Academic analysis of a phenomenal generation through the experiences of six baby boomers.
Gillon (History/Univ. of Oklahoma) hews to the consensual definition of boomers as those born between 1946, when WWII vets and their wives began making up for lost time, and 1965, when widespread use of the contraceptive pill put the final skids under a declining birth rate. This mass of some 78 million would radically change the nation, yet the “life experiences of a child born in 1946,” the author asserts, “were very different from one born in 1964.” Early boomers labored to reconcile Kennedy-inspired idealism with reality, Gillon points out; later boomers, raised in the shadow of Vietnam and Watergate, had less to reconcile. Though boomers are frequently derided as self-absorbed whiners consumed by self-fulfillment, the author believes such criticism sells short the generation that expanded personal freedom in the US by championing not only civil rights, but gay rights, women’s rights, handicapped rights, and the right to privacy. Yet the first generation to grow up with TV was divided almost as much as the rest of the country on Vietnam, although boomers were the only segment of the population to register a small majority against Nixon’s 1968 presidential victory. The first boomer chief exec survived impeachment to leave office with the highest approval rating of any postwar president. Boomer readers should find affinities with some, but perhaps not all, of the lives Gillon presents. While characterized as “typical,” the three women and three men profiled include the TV writer who made thirtysomething an icon, a paralyzed Vietnam vet whose activism has drawn national attention, the founder of an ad agency that made its mark exploiting boomers, and an African-American whose religious epiphany helped spur a conservative backlash.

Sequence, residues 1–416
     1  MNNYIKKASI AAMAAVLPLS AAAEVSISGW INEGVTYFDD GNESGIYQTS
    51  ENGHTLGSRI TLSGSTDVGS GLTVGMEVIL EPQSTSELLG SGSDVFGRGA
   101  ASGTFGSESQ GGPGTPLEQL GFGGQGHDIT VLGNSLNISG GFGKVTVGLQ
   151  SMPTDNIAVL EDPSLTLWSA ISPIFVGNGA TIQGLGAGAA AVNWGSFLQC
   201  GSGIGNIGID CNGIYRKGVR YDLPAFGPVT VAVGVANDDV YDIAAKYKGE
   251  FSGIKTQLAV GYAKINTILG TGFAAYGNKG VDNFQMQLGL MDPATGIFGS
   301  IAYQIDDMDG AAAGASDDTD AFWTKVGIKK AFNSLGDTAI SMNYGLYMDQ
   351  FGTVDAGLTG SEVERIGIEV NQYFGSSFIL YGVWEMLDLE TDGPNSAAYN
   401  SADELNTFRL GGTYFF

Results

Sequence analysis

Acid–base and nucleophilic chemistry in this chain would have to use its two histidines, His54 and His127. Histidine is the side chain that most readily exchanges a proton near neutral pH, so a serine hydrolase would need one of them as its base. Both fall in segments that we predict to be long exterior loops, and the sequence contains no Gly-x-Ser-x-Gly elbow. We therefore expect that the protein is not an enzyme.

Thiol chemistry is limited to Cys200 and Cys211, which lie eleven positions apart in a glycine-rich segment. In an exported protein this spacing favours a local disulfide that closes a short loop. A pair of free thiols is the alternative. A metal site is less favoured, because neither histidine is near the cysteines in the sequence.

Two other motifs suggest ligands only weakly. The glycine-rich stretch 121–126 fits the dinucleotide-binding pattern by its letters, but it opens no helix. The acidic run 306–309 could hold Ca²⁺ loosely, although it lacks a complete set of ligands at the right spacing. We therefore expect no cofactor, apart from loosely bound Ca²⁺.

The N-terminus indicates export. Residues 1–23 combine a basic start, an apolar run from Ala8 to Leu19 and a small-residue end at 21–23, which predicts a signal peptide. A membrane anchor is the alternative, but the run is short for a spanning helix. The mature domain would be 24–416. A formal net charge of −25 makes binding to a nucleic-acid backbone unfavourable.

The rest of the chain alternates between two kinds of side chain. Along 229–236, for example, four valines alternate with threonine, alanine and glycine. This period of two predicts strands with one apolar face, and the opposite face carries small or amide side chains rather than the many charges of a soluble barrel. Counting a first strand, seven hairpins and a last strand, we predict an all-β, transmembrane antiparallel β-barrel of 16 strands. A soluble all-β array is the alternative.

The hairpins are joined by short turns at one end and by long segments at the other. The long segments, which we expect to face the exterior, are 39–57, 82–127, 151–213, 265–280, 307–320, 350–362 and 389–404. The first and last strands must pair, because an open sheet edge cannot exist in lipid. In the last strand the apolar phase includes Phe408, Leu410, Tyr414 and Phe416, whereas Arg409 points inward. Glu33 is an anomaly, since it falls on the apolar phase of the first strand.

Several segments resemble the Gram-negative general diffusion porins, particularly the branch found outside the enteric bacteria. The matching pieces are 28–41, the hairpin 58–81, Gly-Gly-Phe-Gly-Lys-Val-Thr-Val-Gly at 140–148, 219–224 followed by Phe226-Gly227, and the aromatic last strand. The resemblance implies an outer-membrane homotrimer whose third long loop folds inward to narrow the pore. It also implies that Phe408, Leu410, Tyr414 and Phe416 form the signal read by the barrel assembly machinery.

Effective recap of a population bubble that steamrollered history and won’t quit.